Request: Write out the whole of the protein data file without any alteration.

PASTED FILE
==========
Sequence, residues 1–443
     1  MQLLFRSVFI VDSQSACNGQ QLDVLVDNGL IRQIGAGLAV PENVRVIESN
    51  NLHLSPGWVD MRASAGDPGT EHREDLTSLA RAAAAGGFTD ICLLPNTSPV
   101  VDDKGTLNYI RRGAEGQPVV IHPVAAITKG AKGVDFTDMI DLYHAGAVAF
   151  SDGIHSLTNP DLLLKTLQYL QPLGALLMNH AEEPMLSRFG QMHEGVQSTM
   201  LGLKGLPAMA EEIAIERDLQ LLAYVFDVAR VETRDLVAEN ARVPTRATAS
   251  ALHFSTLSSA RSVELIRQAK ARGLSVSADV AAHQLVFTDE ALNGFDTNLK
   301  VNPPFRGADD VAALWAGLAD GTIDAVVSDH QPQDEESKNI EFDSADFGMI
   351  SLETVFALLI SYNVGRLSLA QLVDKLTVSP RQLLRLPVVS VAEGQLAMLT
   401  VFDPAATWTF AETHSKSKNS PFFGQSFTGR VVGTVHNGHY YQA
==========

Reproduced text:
Sequence, residues 1–443
     1  MQLLFRSVFI VDSQSACNGQ QLDVLVDNGL IRQIGAGLAV PENVRVIESN
    51  NLHLSPGWVD MRASAGDPGT EHREDLTSLA RAAAAGGFTD ICLLPNTSPV
   101  VDDKGTLNYI RRGAEGQPVV IHPVAAITKG AKGVDFTDMI DLYHAGAVAF
   151  SDGIHSLTNP DLLLKTLQYL QPLGALLMNH AEEPMLSRFG QMHEGVQSTM
   201  LGLKGLPAMA EEIAIERDLQ LLAYVFDVAR VETRDLVAEN ARVPTRATAS
   251  ALHFSTLSSA RSVELIRQAK ARGLSVSADV AAHQLVFTDE ALNGFDTNLK
   301  VNPPFRGADD VAALWAGLAD GTIDAVVSDH QPQDEESKNI EFDSADFGMI
   351  SLETVFALLI SYNVGRLSLA QLVDKLTVSP RQLLRLPVVS VAEGQLAMLT
   401  VFDPAATWTF AETHSKSKNS PFFGQSFTGR VVGTVHNGHY YQA